1. La Souflette 3:29 2. FRLO Anthem 4:53 3. Polka Piquee & Polka de l’Aveyron 2:42 4. L’intermittent 2:29 5. Les Filles de Saint Nicholas 2:57 6. Catherine’s Psaltery 3:15 7. Two Mazurkas 2:34 8. Hanter Dro 3:16 9. Not That Guy’s Gavotte 2:00 10. Two Scottishes 2:55 11. Twentieth Century Rondeau 3:41 12. Ballad Of The Bachelor 4:40
I am very pleased with how this all turned out. The recording itself came out great and the process that made it was fantastic and joyful. I’m going to miss working on this project.
I am grateful. Producer Caleb Orion was generous in his time and expertise. And excellent critical friend. Steve Gruverman – of clarinet, sax, and bombarde – has been a part of my musical journey for years. A good number of tunes here, I learned from him. He is an amazing tune finder! Thanks to Will Leavitt. Thanks to Thierry Laplaud, Frèdèric Bordois, and Au Gre des Vents (Danyéle Besserer and Gilles Péquignot), for letting me use their amazing tunes. Thanks also to all the folks over at melodeon.net who have been an invaluable and general support over the past two years.
Continuing my fascination with asymmetric tunes — and my fascination with the Alsatian duo Au Gré des Vents — I present one of their most infectious tunes. “L’intermittent” is the opening track of their album Fraxinelles. It’s a scottisch-marche-valse composed by Danyèle Besserer. Here’s their recording of the tune.
“L’intermittent” excerpt by Au Gre des Vents
And here’s a recording of my band, Le Bon Truc, performing same. As Gilles pointed out to me, we take the tune much more freely in this context. He calls it “Wagnerian,” which is fair. For dancers, of course, regularity is everything (all of the “ones” are an equal distance apart).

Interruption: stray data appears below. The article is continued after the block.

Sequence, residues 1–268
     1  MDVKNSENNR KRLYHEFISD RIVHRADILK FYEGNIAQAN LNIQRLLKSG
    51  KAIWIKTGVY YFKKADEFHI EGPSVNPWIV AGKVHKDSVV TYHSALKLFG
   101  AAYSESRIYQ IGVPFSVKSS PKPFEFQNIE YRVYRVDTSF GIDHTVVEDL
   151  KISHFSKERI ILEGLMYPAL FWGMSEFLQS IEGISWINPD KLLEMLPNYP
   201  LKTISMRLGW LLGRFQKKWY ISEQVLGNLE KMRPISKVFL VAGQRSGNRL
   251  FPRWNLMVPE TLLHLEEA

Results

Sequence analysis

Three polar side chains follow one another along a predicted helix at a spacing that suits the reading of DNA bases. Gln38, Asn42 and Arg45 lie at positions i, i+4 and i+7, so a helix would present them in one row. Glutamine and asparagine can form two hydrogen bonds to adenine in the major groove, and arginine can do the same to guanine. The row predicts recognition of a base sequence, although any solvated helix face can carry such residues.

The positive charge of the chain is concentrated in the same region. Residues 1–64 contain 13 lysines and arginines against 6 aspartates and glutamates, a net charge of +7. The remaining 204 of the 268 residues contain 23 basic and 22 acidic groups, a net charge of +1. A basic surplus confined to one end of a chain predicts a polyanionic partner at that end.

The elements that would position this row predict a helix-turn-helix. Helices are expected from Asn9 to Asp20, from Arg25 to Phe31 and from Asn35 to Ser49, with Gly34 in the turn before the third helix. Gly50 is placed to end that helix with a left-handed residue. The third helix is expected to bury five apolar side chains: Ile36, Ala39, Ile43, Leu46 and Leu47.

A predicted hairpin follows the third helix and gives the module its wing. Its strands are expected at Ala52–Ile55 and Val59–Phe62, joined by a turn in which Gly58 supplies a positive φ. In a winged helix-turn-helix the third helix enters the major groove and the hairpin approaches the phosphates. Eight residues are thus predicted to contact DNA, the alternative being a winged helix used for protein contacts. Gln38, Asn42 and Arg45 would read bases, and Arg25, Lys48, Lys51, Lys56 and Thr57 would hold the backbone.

And for those who want to try such a thing for themselves, here are the dots for the tune, as transcribed by the inestimable Steve Gruverman.
A branle is a medieval dance, still done in many areas of France and Germany. It’s pronounced “brawl,” and is the etymological foremother of the modern word for a chaotic outbreak of fisticuffs — which should tell you something about the dance. This branle is found on the album Du Piment Dans Le Kugelhopf – Musiques d’Alsace À Danser by the fabulous Alsatian duo, Au Gre des Vents. This is my second attempt at recording it. At first I played it as a 5/4 waltz, but Gilles, of Au Gre Des Vent, emailed me and pointed out that there’s one bar in there that is in 6/4. Tricksy tune! Hopefully, I got it right this time! This was recorded for the Theme of the Month over on Mel.net.
Special thanks to Flora, the Boston Terrier, and her invaluable support.